ONE of the best ways of finding out what people think is to ask them.
That is why I recently visited 80 local villages to talk to people on their own doorsteps – the largest face-to-face exercise undertaken by an MP in this constituency.
Where that level of contact is not possible I also do my own surveys.
Two examples: the level of broadband service we receive and the issues facing providers of nursery education.
The latter is particularly important. It is right at this time that we focus on key groups within society such as the very poorest and the lowest earners, many of whom are women.
Adequate childcare is one of the best ways of helping women and I am pleased to see the government investing in childcare, including free early-years education for many disadvantaged two year olds.
Universal credit, part of the government’s welfare reforms, will lift nearly a million people – including 350,000 children and many women – out of poverty.
Taking 1.1 million of the lowest paid workers out of tax will benefit some 650,000 women.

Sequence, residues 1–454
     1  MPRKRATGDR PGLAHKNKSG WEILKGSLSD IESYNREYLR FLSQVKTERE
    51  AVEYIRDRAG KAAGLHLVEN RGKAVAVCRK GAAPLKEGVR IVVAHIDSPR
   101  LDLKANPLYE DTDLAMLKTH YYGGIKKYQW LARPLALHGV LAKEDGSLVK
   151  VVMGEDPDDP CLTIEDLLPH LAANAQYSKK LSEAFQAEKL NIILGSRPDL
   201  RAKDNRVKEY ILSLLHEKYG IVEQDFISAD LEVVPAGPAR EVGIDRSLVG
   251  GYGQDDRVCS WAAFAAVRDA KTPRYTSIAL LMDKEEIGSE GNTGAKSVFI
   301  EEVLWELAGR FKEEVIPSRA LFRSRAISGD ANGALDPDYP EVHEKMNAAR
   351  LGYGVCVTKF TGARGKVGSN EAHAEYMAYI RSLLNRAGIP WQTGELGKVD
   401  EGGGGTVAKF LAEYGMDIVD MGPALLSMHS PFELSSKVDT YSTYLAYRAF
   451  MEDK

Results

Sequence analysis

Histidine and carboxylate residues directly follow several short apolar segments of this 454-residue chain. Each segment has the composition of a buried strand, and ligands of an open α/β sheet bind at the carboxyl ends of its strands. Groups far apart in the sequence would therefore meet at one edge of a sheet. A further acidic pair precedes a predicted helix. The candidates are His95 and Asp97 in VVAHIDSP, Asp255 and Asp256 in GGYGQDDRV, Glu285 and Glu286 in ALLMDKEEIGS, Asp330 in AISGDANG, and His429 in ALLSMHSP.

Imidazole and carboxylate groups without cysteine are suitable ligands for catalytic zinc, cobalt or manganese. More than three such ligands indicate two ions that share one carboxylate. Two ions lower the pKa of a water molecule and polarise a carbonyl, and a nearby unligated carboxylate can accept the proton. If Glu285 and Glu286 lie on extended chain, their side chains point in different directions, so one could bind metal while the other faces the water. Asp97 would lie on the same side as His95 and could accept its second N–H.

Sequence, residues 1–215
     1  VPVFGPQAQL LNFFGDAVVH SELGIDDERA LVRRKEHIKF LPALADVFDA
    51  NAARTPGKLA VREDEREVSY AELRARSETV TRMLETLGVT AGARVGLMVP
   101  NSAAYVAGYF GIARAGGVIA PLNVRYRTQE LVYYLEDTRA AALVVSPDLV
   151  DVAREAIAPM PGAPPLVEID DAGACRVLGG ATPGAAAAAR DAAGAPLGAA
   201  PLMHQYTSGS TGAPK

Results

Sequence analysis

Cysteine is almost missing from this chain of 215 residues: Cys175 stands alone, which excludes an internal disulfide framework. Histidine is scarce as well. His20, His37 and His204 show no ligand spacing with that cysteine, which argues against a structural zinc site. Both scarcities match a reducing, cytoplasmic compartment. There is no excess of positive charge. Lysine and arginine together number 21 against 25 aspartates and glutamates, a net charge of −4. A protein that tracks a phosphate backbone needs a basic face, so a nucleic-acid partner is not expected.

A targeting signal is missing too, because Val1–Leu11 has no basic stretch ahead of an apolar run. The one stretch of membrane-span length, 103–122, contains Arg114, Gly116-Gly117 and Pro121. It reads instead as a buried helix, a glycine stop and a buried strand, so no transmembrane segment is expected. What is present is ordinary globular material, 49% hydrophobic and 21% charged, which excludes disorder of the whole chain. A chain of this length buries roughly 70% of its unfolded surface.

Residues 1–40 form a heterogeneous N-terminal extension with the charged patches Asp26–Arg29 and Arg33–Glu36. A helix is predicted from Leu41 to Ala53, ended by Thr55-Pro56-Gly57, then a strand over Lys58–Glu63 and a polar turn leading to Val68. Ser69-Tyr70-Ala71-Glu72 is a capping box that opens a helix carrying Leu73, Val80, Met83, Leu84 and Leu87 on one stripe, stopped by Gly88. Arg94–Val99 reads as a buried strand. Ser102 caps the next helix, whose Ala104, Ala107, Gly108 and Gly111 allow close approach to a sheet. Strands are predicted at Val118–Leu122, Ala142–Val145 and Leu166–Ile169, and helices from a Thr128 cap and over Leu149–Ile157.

Maintaining international confidence is crucial to allowing us to do all this.
We now know that the last recession wiped out over seven per cent of GDP and that excessive spending burdened everyone with debt.
There is nothing fair about running huge budget deficits and burdening future generations with debts we cannot afford to pay. That is why the first priority for government is to continue the rescue mission of the British economy.
An additional one per cent increase in interest rates could leave the average family with an additional mortgage payment of £1,000 per year and it could lead to an additional £7 billion of business costs.
Some businesses would fail and jobs would be lost.
We should all care that we maintain our fiscal credibility. If we don’t the impact will be worse in the long-term.